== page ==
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Having this afternoon seen a catch-up showing of Wednesday's streamed performance, I simply cannot agree to any description calling it "cheap and dreary."  Different strokes for different folks, as ever, but the combination of singers and staging appeared to have gone down exceedingly well with all of those around us, and it certainly drew all of the emotional response one might expect from Puccini's masterpiece. 

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1 hour ago, penelopesimpson said:

 this time was fabulous.  

 

Yes, I saw some critical comment which suggested the show has somehow bedded down, so perhaps I should have gone back.

 

1 hour ago, penelopesimpson said:

probably most expensive sets in the ROH repertoire.

 

Not sure that’s right. For a start, little of the production is very dimensional, which is what costs the money. It works on camera though, a criterion which is either the thin end of a dangerous wedge (in some people’s eyes) or a triumph of open access for the people (in the eyes of eg ACE).

 

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9 hours ago, Ian Macmillan said:

Having this afternoon seen a catch-up showing of Wednesday's streamed performance, I simply cannot agree to any description calling it "cheap and dreary."  Different strokes for different folks, as ever, but the combination of singers and staging appeared to have gone down exceedingly well with all of those around us, and it certainly drew all of the emotional response one might expect from Puccini's masterpiece. 

My point exactly.  It is many things - for me wonderfully colourful, amazingly poignant but fast moving and an exceptionally enjoyable evening which it would be hard not to enjoy.  But if it doesn’t do it for you, then it doesn’t, but I simply cannot see how it could ever qualify as cheap and dreary. Puzzled. 

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1 hour ago, penelopesimpson said:

 I simply cannot see how it could ever qualify as cheap and dreary. Puzzled. 

 

When the show first came out, Stephen Jay-Taylor wrote:

 

>>The outer acts set in the attic look like a touring production of "Oklahoma!" sponsored by IKEA, all blond wood, ridiculously brightly lit, and so shallow and squat in design that the cast have nowhere even to stand (let alone sleep four) other than to line up at the front, where they still can't be seen by anyone in the upper reaches of the house because of the set's low cluster of beams.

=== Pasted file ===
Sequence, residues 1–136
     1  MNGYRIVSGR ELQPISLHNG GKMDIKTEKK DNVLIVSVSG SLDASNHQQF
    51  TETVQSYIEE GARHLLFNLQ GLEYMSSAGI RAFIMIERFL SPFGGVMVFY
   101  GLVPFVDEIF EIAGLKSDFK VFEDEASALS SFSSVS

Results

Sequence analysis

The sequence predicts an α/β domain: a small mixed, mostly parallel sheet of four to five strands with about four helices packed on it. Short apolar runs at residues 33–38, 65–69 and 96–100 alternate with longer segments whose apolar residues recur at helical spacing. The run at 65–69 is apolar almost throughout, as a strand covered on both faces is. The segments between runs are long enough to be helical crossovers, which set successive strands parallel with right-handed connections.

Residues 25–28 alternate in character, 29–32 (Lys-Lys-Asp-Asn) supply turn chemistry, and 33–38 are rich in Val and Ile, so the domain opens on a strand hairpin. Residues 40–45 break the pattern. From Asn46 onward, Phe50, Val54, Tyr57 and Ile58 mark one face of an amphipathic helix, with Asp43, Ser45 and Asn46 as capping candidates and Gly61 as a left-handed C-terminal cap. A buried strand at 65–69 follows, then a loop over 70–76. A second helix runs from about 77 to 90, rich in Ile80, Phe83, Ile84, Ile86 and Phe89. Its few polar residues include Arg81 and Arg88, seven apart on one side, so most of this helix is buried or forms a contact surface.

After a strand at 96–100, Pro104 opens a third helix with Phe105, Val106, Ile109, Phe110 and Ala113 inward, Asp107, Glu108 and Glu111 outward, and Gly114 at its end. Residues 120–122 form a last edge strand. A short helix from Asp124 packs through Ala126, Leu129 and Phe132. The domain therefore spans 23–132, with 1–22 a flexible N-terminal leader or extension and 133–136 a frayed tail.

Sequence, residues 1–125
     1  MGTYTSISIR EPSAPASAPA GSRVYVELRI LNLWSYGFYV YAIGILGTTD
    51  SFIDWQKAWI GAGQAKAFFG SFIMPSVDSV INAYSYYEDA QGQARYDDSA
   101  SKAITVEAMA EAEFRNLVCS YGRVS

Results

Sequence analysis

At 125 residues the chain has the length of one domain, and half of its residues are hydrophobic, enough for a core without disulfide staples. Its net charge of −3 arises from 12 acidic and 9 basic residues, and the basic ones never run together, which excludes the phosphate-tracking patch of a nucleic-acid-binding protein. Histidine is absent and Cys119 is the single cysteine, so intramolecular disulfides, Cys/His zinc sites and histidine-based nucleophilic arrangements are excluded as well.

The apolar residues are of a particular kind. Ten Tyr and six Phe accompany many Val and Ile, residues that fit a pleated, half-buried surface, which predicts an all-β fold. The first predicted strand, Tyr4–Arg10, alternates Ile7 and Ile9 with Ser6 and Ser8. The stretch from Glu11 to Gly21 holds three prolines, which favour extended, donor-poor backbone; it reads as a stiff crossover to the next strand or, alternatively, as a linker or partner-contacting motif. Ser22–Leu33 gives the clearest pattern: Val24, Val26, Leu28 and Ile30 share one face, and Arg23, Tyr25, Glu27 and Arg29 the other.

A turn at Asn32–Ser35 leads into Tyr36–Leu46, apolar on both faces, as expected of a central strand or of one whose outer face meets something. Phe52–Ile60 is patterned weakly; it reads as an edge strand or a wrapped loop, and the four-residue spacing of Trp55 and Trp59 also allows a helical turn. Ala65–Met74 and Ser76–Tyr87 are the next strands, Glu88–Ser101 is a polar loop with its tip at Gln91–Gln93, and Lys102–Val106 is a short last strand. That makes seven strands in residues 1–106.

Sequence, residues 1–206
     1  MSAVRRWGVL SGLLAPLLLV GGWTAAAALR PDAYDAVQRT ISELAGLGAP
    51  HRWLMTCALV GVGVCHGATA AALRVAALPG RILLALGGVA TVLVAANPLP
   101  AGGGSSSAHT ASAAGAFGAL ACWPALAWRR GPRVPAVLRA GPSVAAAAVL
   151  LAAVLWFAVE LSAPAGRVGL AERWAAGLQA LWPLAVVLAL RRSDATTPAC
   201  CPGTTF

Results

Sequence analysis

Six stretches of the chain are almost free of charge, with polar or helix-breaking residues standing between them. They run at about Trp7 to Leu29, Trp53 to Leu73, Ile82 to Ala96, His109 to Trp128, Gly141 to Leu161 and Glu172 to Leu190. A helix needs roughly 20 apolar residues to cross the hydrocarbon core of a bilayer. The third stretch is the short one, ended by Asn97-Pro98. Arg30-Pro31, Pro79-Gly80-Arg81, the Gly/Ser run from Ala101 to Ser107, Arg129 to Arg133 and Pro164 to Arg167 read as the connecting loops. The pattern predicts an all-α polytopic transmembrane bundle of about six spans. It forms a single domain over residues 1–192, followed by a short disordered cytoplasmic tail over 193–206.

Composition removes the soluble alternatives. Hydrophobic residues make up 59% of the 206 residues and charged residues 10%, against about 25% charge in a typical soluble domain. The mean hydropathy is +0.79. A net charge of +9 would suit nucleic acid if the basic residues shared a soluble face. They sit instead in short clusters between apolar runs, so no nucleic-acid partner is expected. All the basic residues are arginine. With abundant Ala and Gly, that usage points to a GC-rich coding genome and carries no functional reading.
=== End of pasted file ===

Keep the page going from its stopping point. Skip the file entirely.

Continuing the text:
Similar remarks appeared in a number - but not all - of the broadsheet reviews. 

 

Here is a review of the latest revival:

 

https://www.telegraph.co.uk/opera/what-to-see/la-boheme-royal-opera-house-review-one-ear/

 

But, as always, other opinions are available. 

 

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I’m inclined to agree with you about the “new” attic set, Geoff.  

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There's quite a lot I don't like about the current ROH production, which in our household is referred to as the "IKEA Production" (and that was before I'd read the review that Geoff mentioned above).  The garret room is far too clean and clinical (bohemians....) and I can't stand the writing on the walls etc. scene, which doesn't mean much to me or add to the story.

 

Why is everyone in the café still wearing their coats?  Is it less well heated than the tavern?  And, oh my, what the heck is the tavern?  Why is it in the middle of nowhere when it's in the middle of Paris?  And the way the tavern and brazier slowly move off stage is just ludicrous (at least they don't squeak and shudder as they did when the production was new).

 

The shop arcades are very pretty.

 

Having said all that, I thoroughly enjoyed the singing at the show I went to (about a week after @penelopesimpson) and was more moved than I think I have ever been at boheme.

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Oh. Having never remotely been moved at a performance of Bohème, perhaps I should give it another chance.  I watched it on TV when it first came out, and totally agreed about the IKEA-ness of the garret set, but also about the sumptuousness of the arcades.  But it still didn't move me one iota, and I've decided that possibly Bohème just doesn't do it for me.